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S.t.a.r.t. Unity Dinner 2014

March 6, 2014

S.t.a.r.t. Unity Dinner 2014

(In the photo, Mekhi Taylor proudly displays his s.t.a.r.t. t-shirt.)

South s.t.a.r.t. hosted a Unity Dinner for about 80 students, staff, parents and community members on Thursday, February 27th at South High. South s.t.a.r.t. was joined by students from the Minneapolis Youth Congress and from Southwest High School. Food was provided by Fat Lorenzo’s with a generous donation from the Rail Station in South Minneapolis. The South High Foundation paid for all of the dinner expenses through a grant to s.t.a.r.t. Amirah Ellison greeted everyone and shared the s.t.a.r.t. philosophy, to mobilize students to play their own role in closing equity gaps. Eva Shellabarger reviewed the student’s conversation guidelines with our guests.

Neil Cook opened our program a poignant dramatization of an untitled poem by the late American rap artist, Tupac Shakur:
“Please wake me when I’m free
I cannot bear captivity
Where my culture I’m told holds no significance
I’ll wither and die in ignorance
But my inner eye can c a race
Who reigned as kings in another place
The green of trees were rich and full
And every man spoke of beautiful
Men and women together as equals
War was gone because all was peaceful
But now like a nightmare I wake 2 c
That I live like a prisoner of poverty
Please wake me when I’m free
I cannot bear captivity
4 I would rather be stricken blind
Than 2 live without expression of mind.”

Kyra hood led an activity where dinner guests paired with someone they did not know to discuss what works and our opportunities at South High. The pairs wrote their reflections on Post-It Notes for our Wall of Opportunity. Reflections included that “South is a place where people can talk about race, privilege and institutional racism” and that “South student groups are strong and reflect a variety of interests.”

The students then shared two videos with their guests: the first, in which Australian comedian Aamer Rahman, in his YouTube Fear of a Brown Planet challenges why it is problematic to consider people of color as racists; and a YouTube with actor and comedian Chris Rock thoughtfully explaining how he has experienced white supremacy firsthand in his career.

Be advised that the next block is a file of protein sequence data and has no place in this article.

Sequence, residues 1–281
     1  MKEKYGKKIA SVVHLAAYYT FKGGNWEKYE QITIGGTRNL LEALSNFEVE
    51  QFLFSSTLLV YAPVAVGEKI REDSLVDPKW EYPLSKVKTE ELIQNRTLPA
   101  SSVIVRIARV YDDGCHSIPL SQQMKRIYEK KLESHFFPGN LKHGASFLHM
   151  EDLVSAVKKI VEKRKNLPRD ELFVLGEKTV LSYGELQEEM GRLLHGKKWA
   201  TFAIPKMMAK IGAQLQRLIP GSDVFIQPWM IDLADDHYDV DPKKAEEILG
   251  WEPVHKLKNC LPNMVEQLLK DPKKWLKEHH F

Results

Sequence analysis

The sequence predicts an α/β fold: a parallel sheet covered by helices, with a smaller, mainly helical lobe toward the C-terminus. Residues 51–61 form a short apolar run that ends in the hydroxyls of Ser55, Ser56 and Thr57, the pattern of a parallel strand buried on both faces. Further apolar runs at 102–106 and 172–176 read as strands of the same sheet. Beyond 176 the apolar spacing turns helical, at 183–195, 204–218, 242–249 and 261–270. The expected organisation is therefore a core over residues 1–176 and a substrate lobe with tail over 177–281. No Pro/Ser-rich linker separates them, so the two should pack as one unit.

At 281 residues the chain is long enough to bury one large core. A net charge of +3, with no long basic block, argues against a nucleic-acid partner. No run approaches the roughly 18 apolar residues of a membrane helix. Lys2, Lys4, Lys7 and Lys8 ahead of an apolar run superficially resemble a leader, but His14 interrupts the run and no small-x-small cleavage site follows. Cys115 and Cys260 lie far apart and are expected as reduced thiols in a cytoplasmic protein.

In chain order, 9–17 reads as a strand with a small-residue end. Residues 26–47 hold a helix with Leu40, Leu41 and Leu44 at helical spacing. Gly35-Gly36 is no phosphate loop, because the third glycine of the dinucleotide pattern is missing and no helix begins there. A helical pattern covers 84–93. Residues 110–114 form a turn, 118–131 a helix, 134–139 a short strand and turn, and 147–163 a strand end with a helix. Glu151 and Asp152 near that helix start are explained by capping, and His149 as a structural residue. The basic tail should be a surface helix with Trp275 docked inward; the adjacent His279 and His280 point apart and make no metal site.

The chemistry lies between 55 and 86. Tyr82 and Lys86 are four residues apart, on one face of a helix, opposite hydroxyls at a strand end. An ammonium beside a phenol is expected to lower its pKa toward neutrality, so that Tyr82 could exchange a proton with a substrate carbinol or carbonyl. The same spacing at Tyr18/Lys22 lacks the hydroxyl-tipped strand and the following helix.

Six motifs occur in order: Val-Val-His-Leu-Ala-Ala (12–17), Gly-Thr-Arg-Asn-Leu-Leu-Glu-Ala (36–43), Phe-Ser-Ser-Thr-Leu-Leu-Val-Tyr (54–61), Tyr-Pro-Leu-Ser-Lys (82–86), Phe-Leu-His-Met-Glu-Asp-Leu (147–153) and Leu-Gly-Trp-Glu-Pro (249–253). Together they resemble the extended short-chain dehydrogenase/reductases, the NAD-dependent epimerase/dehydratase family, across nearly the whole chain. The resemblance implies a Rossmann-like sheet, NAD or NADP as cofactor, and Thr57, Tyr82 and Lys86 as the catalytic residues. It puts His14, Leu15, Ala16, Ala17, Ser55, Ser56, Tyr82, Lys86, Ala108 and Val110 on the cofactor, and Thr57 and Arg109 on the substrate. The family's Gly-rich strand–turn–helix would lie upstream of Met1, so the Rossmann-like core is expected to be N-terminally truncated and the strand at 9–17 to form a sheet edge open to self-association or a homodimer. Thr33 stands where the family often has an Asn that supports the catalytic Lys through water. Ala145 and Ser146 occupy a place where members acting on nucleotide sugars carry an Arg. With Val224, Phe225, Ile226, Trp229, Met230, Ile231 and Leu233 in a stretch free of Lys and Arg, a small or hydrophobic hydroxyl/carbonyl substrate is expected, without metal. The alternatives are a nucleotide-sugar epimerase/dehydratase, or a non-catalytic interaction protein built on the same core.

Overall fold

Prior to discussing the videos, students Sophie Downey, Nila Brooks and Lamia Abukhadra reviewed a list of terms and definitions from critical race theory, including “critical race theory” itself, which refers to a theory that racism is pervasive, permanent and must be challenged; and the term “racism” itself, a belief system that upholds white supremacy, suggesting that physical traits mental abilities and creativity are genetically related, fixed and unchangeable.

Dinner guests then had table discussions about their own experiences with discrimination, what they would like to see changed at South, and how students (and the community) can play an active role in that change. Following the dialogue, individuals and groups shared highlights of their conversations, guided by Fatuma Abdi, Amirah Ellison and Lamia Abukhadra. Some of the ideas and solutions they discussed included:
• Not all ignorance is your fault—our systems can be designed to keep us unaware. Be aware of where you have influence and don’t take no for an answer.
• We need to use proper language to describe our immigrant populations. Somalian is not a word—we need to refer to immigrants from Somalia as Somali.
• We must be open to what we don’t know. White peers are afraid to offend people with what they don’t know. But there’s much research available, and we can be pro-active to learn beyond our comfort zones. We can all take time out of our busy schedules to learn new sides to this discussion.
• LISTEN—none of us know everything.
• White students often take offense to being called racist, because they don’t understand the depth to these issues and legacy institutional racism. As white people, we have to get over ourselves and commit to learning.
• Challenge our instructors and our teachers by sharing culturally-relevant literature that can open their eyes.
• There is a difference between equality and equity. We’re really after equity, where we provide structural supports for people’s needs to be met according to their needs. Whites have literally been given a pedestal to stand on, so they have been allowed to aim higher. We need to build those blocks of structural support for people of color to stand on.
• There are few systems of encouragement for people of color to be successful. We provide resources, before we provide incentives. We need to provide more incentives.
• We need to get rid of the notion that Black students can’t achieve. Period.
• There are many who say, “I don’t want to hang with white people.” But you have to hang with people to know them.

S.t.a.r.t. leader Kyra Hood wrapped up the dinner and thanked everyone for joining us. Following the event, restorative justice circle keeper Jamie Williams wrote a follow up note saying that “the dinner was one of the most heart warming and well-attended events I have ever participated in with MPS..it was a cold icy night and was still well-attended.” She thanked the students for their phenomenal work.

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